Friday, July 13, 2012

here's a bit of heresy

Willard Mitt Romney being sworn in as the 45th President of the United States of America on Monday, January 21st, 2013 will not be a terrible, cataclysmic event.

It will be a drag, oh yes, but no toads will rain from the sky; no rivers will run red.

When Bush the Lesser won the second time (the first time he actually won, of course,  but that's at least eighteen other posts) I moaned to my father,

"My god, what is going to happen to this country?"

And Dad said,

"Hey.  We survived Nixon.  We survived Reagan.  It's going to be all right."

Wise words.

I worry about the Supreme Court picks, of course.  That's really the most lasting and potentially damaging thing a President can leave us.  The fact of the national security state (read Police State, read Galactic Empire a la Star Wars, read Orwellian Dystopia in the making) has been growing for decades and my man President Obama has done nothing to check it and everything to grow it and that's one thing I strongly disagree with when it comes to his administration.

So, Mitt's not going to make that any worse.  How much worse can it get?

That's probably not a question I should lightly toss out there; probably not a rhetorical question at all.

Mitt vows to repeal the Affordable Care Act, first day in office.

Yeah.  Guess what, Willard?  Not in your job description.  That's the legislative branch's bailiwick.

The Mittbot is programmed not to tell us what he's going to do when he gets behind the Big Desk, so it's all kind of a national guessing game right now, but seriously, look hard at that hard-working cyborg.  He's the most sane, boring, low-key guy out there.  Yes, he's an unthinking tool of Late (Disaster) Capitalism.  That's not a good thing.  Yes, he assaulted and humiliated a weaker, probably gay classmate in high school.  I'm in no way dismissing that or diminishing it.  Yes, he seems incapable of a genuine, honest, simple, human reaction.  To anything.  If a reporter lit his hair on fire and asked him to react, he'd probably bark out that weird laugh and say,

"Well, where's there smoke, there's combustion!  Ha ha!  More goose sauce?"

Many, many bad things if we elect this particular cyborg.  (I'm pretty sure that's unconstitutional, by the way.   It does say "person" in Section 1 of Article 2, but if corporations are people...  I don't know, I'll leave it to the scholars.)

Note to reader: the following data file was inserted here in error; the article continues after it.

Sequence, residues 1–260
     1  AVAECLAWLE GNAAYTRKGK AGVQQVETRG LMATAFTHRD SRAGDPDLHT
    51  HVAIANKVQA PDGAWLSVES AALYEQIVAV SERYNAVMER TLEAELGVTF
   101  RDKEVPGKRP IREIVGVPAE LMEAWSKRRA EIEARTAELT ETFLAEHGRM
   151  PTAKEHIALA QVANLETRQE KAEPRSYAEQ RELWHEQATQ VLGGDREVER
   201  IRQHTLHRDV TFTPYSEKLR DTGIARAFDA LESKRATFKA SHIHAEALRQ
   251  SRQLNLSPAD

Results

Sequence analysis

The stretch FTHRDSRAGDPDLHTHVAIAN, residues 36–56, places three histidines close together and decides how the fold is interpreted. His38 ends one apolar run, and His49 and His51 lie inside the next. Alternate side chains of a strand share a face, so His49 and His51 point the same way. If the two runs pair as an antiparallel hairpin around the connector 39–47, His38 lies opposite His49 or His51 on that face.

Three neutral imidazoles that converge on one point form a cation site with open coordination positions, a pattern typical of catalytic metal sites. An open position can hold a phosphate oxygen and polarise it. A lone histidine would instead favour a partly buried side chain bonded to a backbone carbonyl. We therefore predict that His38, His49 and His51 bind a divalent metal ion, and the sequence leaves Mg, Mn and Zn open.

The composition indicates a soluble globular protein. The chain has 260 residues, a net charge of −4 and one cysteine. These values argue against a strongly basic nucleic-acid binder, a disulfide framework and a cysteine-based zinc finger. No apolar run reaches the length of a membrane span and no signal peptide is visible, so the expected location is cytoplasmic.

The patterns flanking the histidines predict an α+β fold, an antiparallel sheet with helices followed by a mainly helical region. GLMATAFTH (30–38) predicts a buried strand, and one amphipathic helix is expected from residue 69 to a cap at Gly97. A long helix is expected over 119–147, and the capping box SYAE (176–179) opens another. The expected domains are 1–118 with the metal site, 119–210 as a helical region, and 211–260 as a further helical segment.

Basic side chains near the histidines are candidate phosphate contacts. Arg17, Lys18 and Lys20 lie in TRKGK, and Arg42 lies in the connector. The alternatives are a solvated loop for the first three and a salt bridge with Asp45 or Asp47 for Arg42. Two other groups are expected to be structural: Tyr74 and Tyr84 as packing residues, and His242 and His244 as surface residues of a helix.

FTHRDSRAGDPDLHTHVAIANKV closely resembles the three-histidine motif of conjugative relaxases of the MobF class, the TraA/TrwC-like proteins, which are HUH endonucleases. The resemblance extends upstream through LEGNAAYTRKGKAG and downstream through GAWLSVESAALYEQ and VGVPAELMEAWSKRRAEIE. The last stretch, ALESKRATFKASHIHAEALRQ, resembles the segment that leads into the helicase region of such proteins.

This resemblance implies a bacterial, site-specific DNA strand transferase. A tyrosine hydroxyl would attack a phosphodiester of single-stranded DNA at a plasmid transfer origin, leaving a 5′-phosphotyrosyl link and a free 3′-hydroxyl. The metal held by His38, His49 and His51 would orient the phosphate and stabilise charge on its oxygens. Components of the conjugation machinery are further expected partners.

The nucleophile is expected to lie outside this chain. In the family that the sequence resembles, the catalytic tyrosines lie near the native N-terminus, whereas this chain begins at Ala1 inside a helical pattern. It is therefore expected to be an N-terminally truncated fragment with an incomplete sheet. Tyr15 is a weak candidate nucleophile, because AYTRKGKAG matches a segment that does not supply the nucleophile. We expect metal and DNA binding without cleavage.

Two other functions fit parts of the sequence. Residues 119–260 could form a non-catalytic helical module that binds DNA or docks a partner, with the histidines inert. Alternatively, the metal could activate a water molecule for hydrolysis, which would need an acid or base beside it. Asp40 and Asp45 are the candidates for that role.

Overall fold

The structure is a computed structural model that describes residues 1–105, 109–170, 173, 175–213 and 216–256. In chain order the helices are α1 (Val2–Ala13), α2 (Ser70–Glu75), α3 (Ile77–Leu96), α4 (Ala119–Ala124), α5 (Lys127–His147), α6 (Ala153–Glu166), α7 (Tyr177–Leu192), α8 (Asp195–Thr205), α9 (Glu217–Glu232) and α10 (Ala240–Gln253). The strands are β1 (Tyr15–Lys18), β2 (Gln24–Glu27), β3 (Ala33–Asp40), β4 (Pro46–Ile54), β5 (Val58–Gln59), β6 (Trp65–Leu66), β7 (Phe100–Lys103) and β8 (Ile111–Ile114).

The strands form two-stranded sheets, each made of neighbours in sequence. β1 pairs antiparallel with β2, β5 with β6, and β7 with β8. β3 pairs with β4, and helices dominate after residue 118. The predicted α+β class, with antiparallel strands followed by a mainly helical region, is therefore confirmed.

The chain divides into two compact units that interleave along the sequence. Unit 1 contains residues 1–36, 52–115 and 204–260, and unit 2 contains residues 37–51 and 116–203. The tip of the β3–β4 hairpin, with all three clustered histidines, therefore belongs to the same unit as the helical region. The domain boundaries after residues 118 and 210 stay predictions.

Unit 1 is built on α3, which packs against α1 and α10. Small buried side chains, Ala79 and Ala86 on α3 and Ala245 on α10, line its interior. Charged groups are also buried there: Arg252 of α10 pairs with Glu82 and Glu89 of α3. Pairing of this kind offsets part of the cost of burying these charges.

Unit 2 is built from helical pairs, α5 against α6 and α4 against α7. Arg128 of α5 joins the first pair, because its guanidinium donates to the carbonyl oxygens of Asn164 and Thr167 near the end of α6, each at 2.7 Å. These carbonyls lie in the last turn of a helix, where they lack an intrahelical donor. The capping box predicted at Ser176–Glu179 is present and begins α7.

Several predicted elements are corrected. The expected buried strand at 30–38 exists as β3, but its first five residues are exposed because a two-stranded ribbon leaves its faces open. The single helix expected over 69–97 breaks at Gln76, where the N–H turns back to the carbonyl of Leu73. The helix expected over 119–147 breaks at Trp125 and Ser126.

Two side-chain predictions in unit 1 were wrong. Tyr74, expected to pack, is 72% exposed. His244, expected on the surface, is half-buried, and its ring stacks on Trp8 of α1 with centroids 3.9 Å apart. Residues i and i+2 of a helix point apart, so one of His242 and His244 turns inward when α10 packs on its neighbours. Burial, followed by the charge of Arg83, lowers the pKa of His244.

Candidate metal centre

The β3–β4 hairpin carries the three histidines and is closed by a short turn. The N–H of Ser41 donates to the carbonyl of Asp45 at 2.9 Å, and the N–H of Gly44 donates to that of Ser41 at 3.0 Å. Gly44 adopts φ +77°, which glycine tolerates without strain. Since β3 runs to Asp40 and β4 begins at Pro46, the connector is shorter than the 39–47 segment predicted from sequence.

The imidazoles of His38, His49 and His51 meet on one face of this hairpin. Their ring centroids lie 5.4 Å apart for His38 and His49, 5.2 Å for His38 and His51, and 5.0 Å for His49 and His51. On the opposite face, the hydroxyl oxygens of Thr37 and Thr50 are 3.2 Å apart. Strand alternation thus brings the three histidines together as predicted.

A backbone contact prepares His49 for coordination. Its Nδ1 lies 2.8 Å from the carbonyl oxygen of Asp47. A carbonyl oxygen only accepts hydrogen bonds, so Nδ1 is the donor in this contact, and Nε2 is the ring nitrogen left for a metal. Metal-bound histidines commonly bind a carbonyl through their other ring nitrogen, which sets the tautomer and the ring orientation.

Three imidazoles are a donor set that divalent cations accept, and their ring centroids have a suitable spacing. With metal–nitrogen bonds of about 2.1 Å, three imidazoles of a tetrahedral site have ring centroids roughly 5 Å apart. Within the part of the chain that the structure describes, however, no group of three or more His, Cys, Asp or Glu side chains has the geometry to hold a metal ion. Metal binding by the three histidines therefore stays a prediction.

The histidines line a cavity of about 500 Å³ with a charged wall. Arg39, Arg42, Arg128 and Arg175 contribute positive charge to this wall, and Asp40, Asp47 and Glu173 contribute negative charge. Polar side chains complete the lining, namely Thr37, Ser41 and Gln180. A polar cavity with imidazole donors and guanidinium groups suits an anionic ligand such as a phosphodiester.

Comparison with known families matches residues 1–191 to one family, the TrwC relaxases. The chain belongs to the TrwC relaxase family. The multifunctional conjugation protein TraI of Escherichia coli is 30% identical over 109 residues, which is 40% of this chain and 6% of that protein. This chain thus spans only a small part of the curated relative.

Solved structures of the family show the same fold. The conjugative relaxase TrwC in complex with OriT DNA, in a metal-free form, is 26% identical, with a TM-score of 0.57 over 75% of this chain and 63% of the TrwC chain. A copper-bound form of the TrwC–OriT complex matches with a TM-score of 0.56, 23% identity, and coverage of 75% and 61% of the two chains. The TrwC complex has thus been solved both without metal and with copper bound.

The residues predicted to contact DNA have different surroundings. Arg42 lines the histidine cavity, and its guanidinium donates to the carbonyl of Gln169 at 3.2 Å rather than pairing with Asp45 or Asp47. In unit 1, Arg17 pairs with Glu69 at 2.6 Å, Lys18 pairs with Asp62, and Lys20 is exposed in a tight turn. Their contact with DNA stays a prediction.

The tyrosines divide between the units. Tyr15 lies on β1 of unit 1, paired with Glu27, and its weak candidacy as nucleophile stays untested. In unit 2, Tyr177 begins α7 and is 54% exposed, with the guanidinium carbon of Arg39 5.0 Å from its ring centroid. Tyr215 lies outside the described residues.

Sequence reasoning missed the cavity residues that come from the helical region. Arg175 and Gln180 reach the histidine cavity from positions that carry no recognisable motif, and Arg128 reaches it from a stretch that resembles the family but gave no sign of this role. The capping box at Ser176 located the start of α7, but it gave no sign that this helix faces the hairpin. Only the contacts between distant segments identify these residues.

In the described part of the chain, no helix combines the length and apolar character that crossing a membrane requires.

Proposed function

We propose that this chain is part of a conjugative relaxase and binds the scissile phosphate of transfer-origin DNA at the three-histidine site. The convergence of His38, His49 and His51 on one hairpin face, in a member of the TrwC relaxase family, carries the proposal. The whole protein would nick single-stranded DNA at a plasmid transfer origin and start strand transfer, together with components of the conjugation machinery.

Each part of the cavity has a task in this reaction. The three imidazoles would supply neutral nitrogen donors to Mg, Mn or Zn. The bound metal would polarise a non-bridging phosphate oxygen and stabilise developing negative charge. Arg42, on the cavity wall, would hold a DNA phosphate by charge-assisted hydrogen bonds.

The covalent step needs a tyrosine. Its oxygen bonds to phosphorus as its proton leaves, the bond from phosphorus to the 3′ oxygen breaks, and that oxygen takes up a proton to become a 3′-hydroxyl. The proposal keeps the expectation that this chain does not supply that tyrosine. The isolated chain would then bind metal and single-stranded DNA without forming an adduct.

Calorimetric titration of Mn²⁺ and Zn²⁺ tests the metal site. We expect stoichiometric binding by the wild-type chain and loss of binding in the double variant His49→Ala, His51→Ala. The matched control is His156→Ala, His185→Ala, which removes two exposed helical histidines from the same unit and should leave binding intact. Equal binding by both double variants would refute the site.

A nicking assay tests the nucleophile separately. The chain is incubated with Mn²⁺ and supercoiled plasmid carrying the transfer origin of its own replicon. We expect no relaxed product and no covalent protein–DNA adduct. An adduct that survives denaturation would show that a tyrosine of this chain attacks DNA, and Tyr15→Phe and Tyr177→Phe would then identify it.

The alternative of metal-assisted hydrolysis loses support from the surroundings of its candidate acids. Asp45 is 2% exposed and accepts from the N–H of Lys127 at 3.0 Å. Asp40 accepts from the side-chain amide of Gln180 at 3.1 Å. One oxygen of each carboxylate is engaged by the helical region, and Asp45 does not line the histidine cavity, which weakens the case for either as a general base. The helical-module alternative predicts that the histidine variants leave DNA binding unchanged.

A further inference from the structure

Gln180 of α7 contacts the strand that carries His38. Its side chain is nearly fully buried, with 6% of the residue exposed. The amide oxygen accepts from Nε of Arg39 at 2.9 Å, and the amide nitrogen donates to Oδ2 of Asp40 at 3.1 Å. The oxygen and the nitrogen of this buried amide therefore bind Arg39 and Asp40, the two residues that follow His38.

And I'll be doing all I can to work to keep it from happening.

But let's all stay calm and be honest about it.

It won't be the end of the world.



  1. It's true, John. What you've written here is true, every word of it (especially 'more goose sauce?' That's true and funny). I know that electing Mitt Romney President won't spell the end of the world, it won't mean we've doomed ourselves to the End Times. (Oh! Insert promo for “The Apocalyptic Road Show” here – you’re welcome.)

    In fact, there are some good arguments to be made that President Romney wouldn't behave all that much differently from President Obama, who capitulated himself to the center right on many issues. Of course, Conservatives then immediately defined anywhere President Obama was standing as Socialism City. For three and a half years the concepts of 'Right' 'Left' and 'Center' have been so deliberately screwed with that our collective American sense of “political direction” is roughly equal in precision to a blindfolded drunken fifteen year old with an inner ear imbalance wearing the wrong size shoes and trying to navigate a crowded obstacle course. I digress – the point I was trying to make was that there is a valid case to be made that electing Romney will change the political landscape far less that one might imagine – much in the same way that President Obama continued (and in some cases expanded) some programs and policies put into place during the Bush years: Meet the new boss, same as the old boss.

    Here’s the thing I can’t stop thinking about: What would electing Mitt Romney say about us, about who we are and what we stand for? Hell, what does it say about us now that this is even a race, an actual contest? Because there aren’t enough skillionaires to explain Mitt running ahead of President Obama in one national poll, and while corporations may be people they can’t vote…so people who will actually be directly and negatively impacted by Mitt’s policies are willing to vote for him, against their own best interest. How…how can this be? When I look back to the campaigns of 2008, the emotions I recall are varied and not always positive (no, it wasn’t just cocktails and shiny Hope and Change bumperstickers, that’s a myth) but I know the campaign felt very visceral, immediate and personal to me.

    This year…this year the shenanigans attempted by conservatives have ranged from ‘Congress is Obsessed with My Uterus and It’s Making Me Uncomfortable’ to ‘I Think That’s Satire. Oh Shit, It’s Real?” If ever there was a time when visceral, immediate and personal were appropriate reactions to the political sideshow to which we are being subjected…

    Nope. Nothing. Just crickets, and the occasional nervous cough. I don’t get it.

    Why aren’t we angrier? Protest-ier? Where is the goddamn umbrage?

  2. Umbrage would be a beautiful thing.
    I don't know, honestly.
    One of the things the last five years or so has taught me is that we look at most politics as a form of "reality entertainment" and sometimes we either just get bored of the same host and want to see a new one, or the narrative that they pitched us originally starts to waver and we feel disappointed or lied to so we switch channels.
    In President Obama's case, Axelrod and Plouffe and the campaign team back in 2007 deliberately pitched a remake of "Mr. Smith Goes to Washington" starring Will Smith. And man, we bought that one. They used that narrative to get the gig and then they had to actually govern. And it ain't a Capra movie down in D.C.